With the Bowl for Kids Sake fundraiser just a few days away, the need for more Big Brothers in Langley has reached the critical stage.
Roslyn Henderson, executive director with Big Brothers Big Sisters of Langley (BBBSL), said for boys needing adult mentors, “it’s getting to the point where we are starting to have a conversation about whether or not we can continue to accept more boys on our wait list.”
There are 28 boys waiting to get matched up with a ‘Big’ on BBBSL’s wait list, with only eight ‘Bigs’ volunteering last year.
“When you think about how long it’s going to take to get all of those 28 boys matched, you’re looking at some potential wait times of two to three years,” Henderson said.
Happening Friday, March 9 and Saturday, March 10 at Willowbrook Lanes, Bowl for Kids Sake is a key event not only to raise funds but also awareness for BBBSL, which receives no direct government funding or fee for service, relying instead on donations to carry on its programs.
Last year’s event raised roughly $30,000, which went towards the growth and maintainence of the BBBSL’s mentoring programs. Currently, BBBSL is providing one-to-one and group mentoring, connecting volunteers with children in Langley’s, schools, and community centres.
More Bowlers Needed
There’s still lots of space for teams and individual bowlers looking to sign up for next weekend’s fundraiser, Henderson said. “We have been struggling with (attracting) teams and getting the same level of participation that we did last year. We have a couple of sessions on Friday and one session on Saturday, with plenty of room.”
BBBSL will try to accomodate individual bowlers by placing them on teams or combining them together as a team. It’s asked that each bowler raise a minimum $50 in pledges.
Teams can still sign up by calling 604-530-5055 or online at https://langley.bigbrothersbigsisters.ca/event/bowl-kids-sake/. The deadline for registration is March 7.
Companies, groups, or individuals who are interested in supporting the event but are unable to bowl can do so by visiting the Bowl for Kids Sake website. Prize donations are also being accepted.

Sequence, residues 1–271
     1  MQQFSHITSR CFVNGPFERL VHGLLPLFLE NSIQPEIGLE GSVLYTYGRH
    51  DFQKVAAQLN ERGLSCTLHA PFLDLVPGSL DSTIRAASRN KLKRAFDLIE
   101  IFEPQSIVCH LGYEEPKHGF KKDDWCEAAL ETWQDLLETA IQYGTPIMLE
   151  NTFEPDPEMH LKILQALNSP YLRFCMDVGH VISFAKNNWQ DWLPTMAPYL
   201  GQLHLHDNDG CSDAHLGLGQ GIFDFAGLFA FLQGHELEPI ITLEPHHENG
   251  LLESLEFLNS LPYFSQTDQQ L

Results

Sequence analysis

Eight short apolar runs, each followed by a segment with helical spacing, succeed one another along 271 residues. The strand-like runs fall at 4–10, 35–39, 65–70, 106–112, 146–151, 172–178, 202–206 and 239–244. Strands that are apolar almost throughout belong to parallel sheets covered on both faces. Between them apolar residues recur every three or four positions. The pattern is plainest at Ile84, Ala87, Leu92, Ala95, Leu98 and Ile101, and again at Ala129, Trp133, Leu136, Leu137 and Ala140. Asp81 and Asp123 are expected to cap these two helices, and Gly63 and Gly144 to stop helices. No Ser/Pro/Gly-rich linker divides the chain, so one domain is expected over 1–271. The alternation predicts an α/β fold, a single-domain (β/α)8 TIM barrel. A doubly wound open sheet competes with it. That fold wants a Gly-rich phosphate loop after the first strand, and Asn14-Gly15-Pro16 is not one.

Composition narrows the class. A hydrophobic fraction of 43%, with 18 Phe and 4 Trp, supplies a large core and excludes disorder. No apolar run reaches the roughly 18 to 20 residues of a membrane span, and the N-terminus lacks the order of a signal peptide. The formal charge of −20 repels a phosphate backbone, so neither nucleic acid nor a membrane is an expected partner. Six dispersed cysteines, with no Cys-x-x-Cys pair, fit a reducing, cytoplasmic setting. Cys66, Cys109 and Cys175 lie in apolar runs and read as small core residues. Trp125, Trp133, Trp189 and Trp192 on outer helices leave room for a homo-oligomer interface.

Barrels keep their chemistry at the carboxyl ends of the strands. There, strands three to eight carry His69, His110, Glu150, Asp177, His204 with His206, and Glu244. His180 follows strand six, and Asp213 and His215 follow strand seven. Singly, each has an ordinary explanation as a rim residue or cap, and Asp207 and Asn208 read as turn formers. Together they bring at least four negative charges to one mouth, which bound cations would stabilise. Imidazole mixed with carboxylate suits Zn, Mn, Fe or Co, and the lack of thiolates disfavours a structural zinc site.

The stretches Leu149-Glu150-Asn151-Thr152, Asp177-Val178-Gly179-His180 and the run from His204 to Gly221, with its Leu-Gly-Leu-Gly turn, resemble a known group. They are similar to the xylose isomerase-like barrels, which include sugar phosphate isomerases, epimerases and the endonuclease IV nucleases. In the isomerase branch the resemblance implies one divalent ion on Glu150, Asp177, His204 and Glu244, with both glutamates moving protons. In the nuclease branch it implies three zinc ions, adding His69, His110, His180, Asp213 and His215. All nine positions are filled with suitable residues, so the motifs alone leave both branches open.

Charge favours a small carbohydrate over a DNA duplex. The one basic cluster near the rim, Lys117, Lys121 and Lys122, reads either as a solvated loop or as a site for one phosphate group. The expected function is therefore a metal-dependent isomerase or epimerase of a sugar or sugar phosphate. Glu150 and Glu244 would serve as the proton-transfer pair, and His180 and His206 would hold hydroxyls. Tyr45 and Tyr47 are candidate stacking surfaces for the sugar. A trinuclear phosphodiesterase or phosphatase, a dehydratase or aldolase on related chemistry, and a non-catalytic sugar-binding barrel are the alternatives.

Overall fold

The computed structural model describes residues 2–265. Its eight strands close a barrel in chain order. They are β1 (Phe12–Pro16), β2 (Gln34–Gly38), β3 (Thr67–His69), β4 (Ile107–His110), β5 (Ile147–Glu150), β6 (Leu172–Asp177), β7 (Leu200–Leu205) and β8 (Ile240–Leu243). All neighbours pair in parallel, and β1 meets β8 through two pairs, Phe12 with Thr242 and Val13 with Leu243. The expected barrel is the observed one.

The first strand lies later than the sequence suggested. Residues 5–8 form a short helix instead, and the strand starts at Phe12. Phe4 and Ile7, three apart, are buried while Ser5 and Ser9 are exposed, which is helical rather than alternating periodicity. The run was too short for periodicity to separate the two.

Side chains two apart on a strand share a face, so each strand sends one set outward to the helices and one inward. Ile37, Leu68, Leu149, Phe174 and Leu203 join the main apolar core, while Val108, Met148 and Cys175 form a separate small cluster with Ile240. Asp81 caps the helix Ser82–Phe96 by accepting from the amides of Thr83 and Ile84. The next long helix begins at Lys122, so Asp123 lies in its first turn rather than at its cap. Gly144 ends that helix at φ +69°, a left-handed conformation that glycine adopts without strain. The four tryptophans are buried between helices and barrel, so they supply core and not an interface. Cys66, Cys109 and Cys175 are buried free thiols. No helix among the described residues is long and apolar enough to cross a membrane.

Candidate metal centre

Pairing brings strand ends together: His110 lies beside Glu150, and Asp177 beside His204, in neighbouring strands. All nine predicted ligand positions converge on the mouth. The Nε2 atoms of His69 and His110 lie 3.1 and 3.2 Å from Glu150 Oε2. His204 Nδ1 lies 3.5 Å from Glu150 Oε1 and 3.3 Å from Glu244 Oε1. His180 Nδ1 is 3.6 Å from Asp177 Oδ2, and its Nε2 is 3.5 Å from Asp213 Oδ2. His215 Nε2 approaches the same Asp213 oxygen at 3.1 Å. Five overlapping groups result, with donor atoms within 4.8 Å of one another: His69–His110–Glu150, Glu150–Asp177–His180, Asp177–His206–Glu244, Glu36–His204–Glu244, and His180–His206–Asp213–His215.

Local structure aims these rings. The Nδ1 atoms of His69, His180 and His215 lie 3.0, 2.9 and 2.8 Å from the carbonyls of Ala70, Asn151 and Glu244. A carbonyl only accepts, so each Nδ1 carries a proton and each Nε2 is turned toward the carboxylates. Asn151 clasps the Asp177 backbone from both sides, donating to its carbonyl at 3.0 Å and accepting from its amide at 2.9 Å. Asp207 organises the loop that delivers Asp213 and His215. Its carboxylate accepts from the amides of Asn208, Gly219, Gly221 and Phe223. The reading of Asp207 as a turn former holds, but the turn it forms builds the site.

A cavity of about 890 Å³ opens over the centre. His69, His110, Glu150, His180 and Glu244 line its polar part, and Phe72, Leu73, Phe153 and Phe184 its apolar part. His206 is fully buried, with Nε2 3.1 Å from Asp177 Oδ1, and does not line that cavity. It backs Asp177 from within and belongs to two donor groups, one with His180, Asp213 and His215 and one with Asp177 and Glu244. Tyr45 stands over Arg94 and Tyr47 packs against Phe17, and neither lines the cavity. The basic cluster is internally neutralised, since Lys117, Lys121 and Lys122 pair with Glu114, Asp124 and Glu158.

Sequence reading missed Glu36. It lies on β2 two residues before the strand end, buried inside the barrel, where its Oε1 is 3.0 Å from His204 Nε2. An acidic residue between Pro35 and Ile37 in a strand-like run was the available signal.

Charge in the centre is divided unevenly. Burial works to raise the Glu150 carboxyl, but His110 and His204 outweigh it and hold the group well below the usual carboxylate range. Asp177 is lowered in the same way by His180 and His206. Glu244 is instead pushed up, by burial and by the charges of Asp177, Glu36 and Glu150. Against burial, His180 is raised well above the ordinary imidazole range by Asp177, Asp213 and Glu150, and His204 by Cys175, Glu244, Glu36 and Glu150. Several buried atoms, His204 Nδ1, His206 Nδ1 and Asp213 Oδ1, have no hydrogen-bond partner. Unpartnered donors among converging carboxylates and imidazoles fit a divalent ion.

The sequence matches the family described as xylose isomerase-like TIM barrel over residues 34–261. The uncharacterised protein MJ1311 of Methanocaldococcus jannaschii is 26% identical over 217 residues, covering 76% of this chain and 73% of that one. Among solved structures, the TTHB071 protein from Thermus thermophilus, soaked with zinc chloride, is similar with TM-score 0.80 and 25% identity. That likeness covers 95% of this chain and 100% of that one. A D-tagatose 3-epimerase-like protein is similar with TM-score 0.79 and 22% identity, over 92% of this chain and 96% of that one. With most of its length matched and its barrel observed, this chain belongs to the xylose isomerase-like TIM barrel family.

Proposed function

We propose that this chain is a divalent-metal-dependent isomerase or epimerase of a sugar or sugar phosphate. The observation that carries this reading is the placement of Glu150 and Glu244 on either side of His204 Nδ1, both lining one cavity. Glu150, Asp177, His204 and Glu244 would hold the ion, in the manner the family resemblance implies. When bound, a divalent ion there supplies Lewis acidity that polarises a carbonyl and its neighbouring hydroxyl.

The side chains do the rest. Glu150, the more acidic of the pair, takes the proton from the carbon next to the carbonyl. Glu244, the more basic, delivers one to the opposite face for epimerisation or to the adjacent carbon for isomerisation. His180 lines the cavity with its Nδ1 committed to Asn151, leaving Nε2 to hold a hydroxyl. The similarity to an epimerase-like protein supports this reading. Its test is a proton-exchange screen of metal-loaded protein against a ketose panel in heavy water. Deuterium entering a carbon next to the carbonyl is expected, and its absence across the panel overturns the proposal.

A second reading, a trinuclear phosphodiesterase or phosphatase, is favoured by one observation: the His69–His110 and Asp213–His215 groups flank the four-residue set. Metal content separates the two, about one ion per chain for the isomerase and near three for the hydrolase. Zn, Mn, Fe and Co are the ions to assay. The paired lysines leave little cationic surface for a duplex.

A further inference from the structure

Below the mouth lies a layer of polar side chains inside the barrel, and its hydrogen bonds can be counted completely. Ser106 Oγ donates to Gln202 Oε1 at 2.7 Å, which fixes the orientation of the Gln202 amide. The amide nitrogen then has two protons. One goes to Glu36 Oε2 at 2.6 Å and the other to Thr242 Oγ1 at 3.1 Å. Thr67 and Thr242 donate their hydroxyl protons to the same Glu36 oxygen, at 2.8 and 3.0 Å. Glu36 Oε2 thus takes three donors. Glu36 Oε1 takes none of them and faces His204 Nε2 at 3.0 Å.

BBBSL is always looking for ways of helping the unmatched ‘Littles’ in other ways while they’re waiting.
“But they want that mentor; they want that one-to-one match, and if we can’t provide that, it’s hard to say that we are achieving what we want to be achieving,” Henderson said.
So what’s the payoff of being a ‘Big’?
“It’s an amazing, fun time,” Henderson said. “We know so many volunteers who say they weren’t prepared for how much they got out of it. Not only is it fulfilling to know you are give back and helping someone else, but it also gives a chance for mentors to understand more about themselves and their own abilities and their compassion.”
In a nutshell, it’s a fun experience for both sides, Henderson said. “It’s really the same as going out with your friends and giving a chance to do so many of the activities that you might never have a chance to do.”
BBBSL also has about 14 girls on its wait list.
“We always receive more Big Sisters who come in, so we don’t anticipate as long of a wait list,” Henderson said.
Ideally, Henderson said, there would be no wait list or wait times for matches.
“We’d love to be one of those agencies that can meet a need right away or as quickly as possible,” Henderson said.
‘It’s so rewarding’
Matt van den Boogaard said being a Big Brother has been an incredibly rewarding experience.
When he signed up to become a ‘Big,’ the 23-year-old realtor was studying business in university full time, but was happy to sacrifice a few hours a week to give back to the community.
“I was looking at all the different options that I could have chosen and I just wanted something that was going to be long-term,” van den Boogaard said.
Being a ‘Big’ provided him with the opportunity to escape the grind of studying and to become a kid again.
He continues to mentor the same ‘Little’ who is now 11 years old.
“At the time when we first met he was the only male in his family so I came in as a male role model,” van den Boogaard said.
The two continue to meet once a week and their friendship has strengthened.
“I have the same bond with him as I do with my other (biological) little brother,” van den Boogaard said. “It’s really neat how over the years he has become my little brother.”
Van den Boogaard is there to answer any questions from his ‘Little’ because he has been through many of the same situations himself, growing up.
To other potential ‘Bigs’ van den Boogaard says it’s more than worth the sacrifice.
“It’s so rewarding,” he said. “I feel happier when I finish hanging out with him. At first it sounds like a lot – two-to-four hours a week but if you just schedule it within your calendar it’s really not a lot of time. When you think about it, a lot of people watch TV for longer than that each night, or do other things that aren’t as rewarding.”
Van den Boogaard hopes to continue to serve as the boy’s mentor until his ‘Little’ reaches 18 (the maximum age for the program). After that, he hopes to continue their friendship outside the program.